By the time we came from São Paulo to live in Rio de Janeiro, in 1995, the grubby apartments we looked at boasted wheezing psychedelic orange refrigerators. We noticed that people’s cars were older than those in São Paulo, the metropolis to which banks and businesses and even the stock market had fled in the 1980s. Trees grew out of crumbling façades.
“Buy an armored car,” advised our São Paulo friends, who thought we were crazy to move to a place at war with itself. Rio was divided between its informal and formal parts, between “hill” and “asphalt,” as the locals say. As the city developed, in the late nineteenth century, the poor were relegated to hills and swamps, to the shantytowns known here as favelas, with troublesome access both for people and infrastructure. Many favela residents worked for the upper classes, who happily squeezed into the South Zone flat areas between the hills and the ocean: Ipanema, Copacabana, and Leblon—names synonymous with Brazilian sun, surf, and sexiness.
We did buy an armored car, and hired a driver to do our errands and escort our children to and from a private school. Drug traffickers were taking over huge swathes of the informal city—often the hilltop favelas—in both the North and South Zones. In West Zone favelas, inhabited largely by construction workers who’d come from drought-stricken northern Brazil, paramilitary groups ran things. They assured Rio’s middle and upper classes that, in the absence of any actual on-duty police, they would keep drugs out of the area.
As was the case for so many middle- and upper-class Rio natives, or cariocas, our lives shrank: to our house on a gated street, the armored car, the guarded and walled homes of our friends, the shopping malls. We hugged our comfort zone, shying away from neighborhoods near favelas where stray bullets flew. You read in the papers about people who’d bricked up their windows; about motorcyclists riding up and down an Ipanema street ordering doctors’ offices, schools, and day care centers to shut down because the “owner of the hill” above said so; about a girl made a paraplegic by a stray bullet that flew into her college campus.
I think it was in 1999 that my hairdresser at a mall told me that police had kidnapped the drug lord of her favela for a day, demanding about $40,000 in ransom. Once this was arranged they let him go, and his cronies shot their weapons heavenward to celebrate. Accidently, they not only hit a transformer, putting out the lights in the favela; but they also managed to shoot a local girl—an only child and an athlete—who bled to death in the street because no one dared help her.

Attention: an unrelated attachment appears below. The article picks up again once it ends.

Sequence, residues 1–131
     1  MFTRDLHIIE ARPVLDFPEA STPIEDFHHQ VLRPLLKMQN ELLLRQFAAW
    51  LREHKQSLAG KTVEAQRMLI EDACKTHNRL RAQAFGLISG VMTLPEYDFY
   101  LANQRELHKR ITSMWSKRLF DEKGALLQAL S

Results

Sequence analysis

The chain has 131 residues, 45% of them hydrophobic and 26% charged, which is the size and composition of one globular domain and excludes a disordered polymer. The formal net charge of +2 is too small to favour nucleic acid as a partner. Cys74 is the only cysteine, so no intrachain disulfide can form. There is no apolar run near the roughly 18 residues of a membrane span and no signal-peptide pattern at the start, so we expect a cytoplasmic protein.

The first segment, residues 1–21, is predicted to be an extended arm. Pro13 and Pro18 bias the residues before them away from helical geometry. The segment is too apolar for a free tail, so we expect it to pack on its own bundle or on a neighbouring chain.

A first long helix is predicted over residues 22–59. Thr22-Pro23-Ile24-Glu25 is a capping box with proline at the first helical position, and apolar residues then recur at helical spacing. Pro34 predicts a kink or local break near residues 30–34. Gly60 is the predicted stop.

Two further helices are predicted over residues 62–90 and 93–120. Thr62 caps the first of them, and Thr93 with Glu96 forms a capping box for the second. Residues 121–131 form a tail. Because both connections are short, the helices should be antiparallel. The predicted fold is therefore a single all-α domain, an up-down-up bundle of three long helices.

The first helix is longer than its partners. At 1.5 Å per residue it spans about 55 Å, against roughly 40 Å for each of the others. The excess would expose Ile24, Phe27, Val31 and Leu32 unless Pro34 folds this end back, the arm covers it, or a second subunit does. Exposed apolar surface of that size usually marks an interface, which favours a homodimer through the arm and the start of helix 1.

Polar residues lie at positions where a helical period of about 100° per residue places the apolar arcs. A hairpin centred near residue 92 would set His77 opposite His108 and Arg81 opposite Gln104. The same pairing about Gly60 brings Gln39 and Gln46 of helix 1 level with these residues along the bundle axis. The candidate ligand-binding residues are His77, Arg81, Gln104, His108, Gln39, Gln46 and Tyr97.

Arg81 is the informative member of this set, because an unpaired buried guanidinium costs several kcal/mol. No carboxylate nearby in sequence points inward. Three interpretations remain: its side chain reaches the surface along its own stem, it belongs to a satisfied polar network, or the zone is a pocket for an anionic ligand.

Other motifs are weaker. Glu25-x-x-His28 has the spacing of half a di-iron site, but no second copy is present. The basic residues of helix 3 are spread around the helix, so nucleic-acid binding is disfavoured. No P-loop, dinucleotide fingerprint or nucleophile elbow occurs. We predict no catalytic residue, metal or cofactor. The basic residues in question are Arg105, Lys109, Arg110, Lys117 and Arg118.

Another resident later repeated the story for me, but the Brazilian media didn’t carry the news. With police, politicians, and criminals in cahoots, complete and objective reporting was difficult. And after 2002, when a big-time TV reporter doing undercover work in a favela was tortured and killed by drug traffickers, Brazilian media banned their journalists from entering the city’s informal areas.
When shootings occurred, between gangs and the police or among gangs, headlines focused on the fear and suffering of those who lived on the asphalt. One didn’t think about the favela residents, who were missing school and work, losing daughters to drug lord polygamists, living daily trauma. Some 1.4 million people, or 22 percent of Rio’s residents, live in the favelas.
Gates of Barra da Tijuca
The shootings, the kidnappings, the fear—it not only limited our daily geography, it drove thousands of people out of the formal North and South Zones westward to Barra da Tijuca. Set between pristine beaches and lush mountains, and once a swampy area dotted with lagoons, Barra is a newer, exclusive district of high-rise condominiums and gated communities, elegant shopping malls, and tidy broad boulevards.
I used to drive my kids to the beach in Barra, which was cleaner than the ones in Ipanema or Copacabana, and where there was less chance of being separated from your valuables. “Smile, you’re in Barra,” a sign welcomed us as we emerged from a tunnel into this burgeoning modern suburbia. A local business association, determined to keep crime out, proposed setting up gates, medieval style, at the five entrances to Barra da Tijuca.